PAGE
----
Initial data after admission were extracted from the Hospital Information System. Sociodemographic variables included age, sex, and ethnicity. Clinical data included the diagnosis and classification of diabetes, neoplastic disease, liver disease, congestive heart failure, cerebrovascular disease, and renal disease. Physical examination included mental status, respiratory rate, blood pressure, temperature, and pulse. Laboratory data included arterial pH, PaO2, SaO2, urea, sodium, glucose, and hematocrit. Pleural effusion was also collected. The scores of CRB-65 [confusion, respiratory rate≥30/min, blood pressure (systolic blood pressure<90mmHg or diastolic blood pressure≤60mmHg) and age ≥65years], CURB-65 [CRB-65 plus urea>7mmol/L] and PSI were calculated.6,7 Patients with a CRB-65 score 0 were defined as a low-risk group, with a score 1～2 as an intermediate-risk group, and with a score ≥3 as a high-risk group. Patients with a CURB-65 score 0～1 were defined as a low-risk group, with score 2 as an intermediate-risk group, and with scores 3～5 as a high-risk group. According to the PSI score, patients were classified into five risk classes. Patients with PSI class I～III were defined as a low-risk group, with class IV as an intermediate-risk group, and with class V as a high-risk group. The primary outcome was in-hospital mortality.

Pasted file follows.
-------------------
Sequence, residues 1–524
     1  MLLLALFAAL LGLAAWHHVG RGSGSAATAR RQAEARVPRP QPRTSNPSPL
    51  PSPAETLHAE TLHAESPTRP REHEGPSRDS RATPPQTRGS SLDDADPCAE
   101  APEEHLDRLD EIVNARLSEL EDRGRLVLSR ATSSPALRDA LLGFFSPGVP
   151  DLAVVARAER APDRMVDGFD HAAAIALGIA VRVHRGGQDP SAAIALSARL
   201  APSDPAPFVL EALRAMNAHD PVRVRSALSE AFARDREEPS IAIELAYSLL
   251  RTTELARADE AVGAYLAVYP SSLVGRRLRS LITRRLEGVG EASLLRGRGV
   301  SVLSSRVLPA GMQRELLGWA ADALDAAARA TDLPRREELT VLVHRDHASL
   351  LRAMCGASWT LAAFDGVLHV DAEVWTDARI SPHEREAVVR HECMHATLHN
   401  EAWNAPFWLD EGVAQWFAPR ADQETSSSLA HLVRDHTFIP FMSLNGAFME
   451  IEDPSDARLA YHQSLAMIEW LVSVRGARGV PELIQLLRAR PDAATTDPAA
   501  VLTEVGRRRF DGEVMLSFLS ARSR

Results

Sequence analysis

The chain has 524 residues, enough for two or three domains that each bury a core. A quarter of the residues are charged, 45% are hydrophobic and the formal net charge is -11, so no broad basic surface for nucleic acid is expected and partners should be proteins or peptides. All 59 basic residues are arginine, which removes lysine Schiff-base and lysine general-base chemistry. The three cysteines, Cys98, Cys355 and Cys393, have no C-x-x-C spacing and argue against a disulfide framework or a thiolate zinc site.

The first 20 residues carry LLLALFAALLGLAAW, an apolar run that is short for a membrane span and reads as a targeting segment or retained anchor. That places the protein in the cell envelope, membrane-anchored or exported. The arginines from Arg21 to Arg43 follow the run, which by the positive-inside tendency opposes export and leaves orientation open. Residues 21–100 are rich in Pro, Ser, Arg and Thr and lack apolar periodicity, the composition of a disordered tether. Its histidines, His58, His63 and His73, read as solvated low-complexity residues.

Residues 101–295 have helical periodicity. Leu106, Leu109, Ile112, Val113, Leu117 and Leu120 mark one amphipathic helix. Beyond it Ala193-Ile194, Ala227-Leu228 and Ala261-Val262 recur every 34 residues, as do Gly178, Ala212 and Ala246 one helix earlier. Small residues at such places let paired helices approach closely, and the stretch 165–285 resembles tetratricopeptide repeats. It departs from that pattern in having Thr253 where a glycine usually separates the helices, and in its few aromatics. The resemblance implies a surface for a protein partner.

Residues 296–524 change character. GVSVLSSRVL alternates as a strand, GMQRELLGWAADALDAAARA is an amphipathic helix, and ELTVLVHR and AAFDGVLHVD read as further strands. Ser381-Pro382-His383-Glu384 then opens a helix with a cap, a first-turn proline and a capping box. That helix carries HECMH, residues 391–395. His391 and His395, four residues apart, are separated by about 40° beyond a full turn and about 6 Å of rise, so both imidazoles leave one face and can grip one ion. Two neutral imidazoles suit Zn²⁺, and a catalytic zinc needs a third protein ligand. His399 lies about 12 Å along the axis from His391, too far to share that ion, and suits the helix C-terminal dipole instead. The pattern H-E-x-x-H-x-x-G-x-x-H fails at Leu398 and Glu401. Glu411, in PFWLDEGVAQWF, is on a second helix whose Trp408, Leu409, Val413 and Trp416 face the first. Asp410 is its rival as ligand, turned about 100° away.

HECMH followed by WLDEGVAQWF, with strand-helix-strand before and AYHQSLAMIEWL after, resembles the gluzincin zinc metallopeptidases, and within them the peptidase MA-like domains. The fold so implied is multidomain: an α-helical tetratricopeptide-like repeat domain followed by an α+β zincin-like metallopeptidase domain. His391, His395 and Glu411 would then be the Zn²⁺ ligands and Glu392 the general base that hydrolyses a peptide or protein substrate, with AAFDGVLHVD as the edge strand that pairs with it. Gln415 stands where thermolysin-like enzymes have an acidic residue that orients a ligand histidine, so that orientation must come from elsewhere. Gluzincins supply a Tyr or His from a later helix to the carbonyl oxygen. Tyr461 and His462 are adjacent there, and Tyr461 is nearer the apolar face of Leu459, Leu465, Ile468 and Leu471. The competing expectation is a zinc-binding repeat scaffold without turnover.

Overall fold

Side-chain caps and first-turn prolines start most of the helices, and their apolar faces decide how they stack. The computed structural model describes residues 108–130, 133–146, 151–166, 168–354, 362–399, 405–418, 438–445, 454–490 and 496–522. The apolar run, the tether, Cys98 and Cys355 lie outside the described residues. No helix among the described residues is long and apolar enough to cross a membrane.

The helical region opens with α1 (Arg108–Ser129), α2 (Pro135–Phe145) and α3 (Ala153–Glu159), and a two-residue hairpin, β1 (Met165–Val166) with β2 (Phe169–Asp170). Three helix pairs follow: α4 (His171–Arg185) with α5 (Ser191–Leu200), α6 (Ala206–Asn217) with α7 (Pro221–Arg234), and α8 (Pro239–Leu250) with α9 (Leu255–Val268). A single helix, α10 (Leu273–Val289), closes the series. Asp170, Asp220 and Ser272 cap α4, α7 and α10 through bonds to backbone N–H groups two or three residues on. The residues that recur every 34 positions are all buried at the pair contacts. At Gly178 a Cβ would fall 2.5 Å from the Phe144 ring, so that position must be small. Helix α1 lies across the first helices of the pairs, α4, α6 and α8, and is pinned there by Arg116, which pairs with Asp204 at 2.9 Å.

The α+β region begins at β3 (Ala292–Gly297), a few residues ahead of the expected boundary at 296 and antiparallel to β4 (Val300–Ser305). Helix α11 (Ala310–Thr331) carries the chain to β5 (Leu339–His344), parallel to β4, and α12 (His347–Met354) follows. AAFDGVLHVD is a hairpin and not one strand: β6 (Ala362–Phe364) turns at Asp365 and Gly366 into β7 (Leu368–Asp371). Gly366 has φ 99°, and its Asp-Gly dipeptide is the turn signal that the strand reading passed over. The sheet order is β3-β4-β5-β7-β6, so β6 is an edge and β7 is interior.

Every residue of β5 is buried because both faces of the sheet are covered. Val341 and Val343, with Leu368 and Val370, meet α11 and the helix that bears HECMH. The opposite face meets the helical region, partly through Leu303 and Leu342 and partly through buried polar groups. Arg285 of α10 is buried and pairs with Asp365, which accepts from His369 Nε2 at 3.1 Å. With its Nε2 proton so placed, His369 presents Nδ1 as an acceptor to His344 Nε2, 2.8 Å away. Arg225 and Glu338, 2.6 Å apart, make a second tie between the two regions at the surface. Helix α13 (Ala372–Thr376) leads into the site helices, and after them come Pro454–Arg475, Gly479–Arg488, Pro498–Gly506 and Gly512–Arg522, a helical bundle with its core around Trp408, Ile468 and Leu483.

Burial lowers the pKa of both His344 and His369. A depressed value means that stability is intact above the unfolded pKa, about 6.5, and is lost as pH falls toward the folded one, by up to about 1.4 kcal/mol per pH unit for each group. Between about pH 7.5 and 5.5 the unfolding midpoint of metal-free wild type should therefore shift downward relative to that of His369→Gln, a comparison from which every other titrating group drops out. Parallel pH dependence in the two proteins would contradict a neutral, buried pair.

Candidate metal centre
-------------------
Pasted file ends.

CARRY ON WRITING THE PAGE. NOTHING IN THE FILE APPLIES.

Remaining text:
All analyses were performed using the SPSS 24.0 statistical software (SPSS 24.0 for Windows; SPSS, Inc., Chicago, IL). Numerical variables were not normally distributed and were expressed as medians (interquartile range). Comparisons were conducted between groups using the Mann–Whitney U-test. Categorical data were reported as abnormal subjects (%) and were analyzed using the chi-square test or Fisher’s exact test. The relationship between the risk stratification and in-hospital mortality was analyzed by multiple logistic regression, adjusted for sex and age. The area under curves (AUCs) for CRB-65, CURB-65, and PSI class were drawn by receiver operating characteristic curve (ROC curve) analysis. AUCs were used to evaluate the abilities of CRB-65, CURB-65, and PSI classes for predicting in-hospital mortality in patients with CAP. The performance of CRB-65, CURB-65, and PSI for predicting in-hospital mortality of CAP was compared between patients with and without T2DM. The ROC curve analysis was performed with MedCalc15.2.2 software (Ostend, Belgium). P<0.05 was considered statistically significant.
A total of 2682 CAP patients were analyzed. Thirty-six patients with type 1 diabetes, other specific types of diabetes, or no clear type classification, and 23 patients with pre-diabetes were excluded from the study, as well as 8 patients with pregnancy or obstetric infection. Two hundred fifty patients were additionally excluded due to missing clinical data (CURB-65 and PSI). Eventually, this study enrolled 2365 patients (1372 males and 993 females), aged 66.6±17.3 years (Figure S1). Among those patients, 531 patients (22.5%) had T2DM.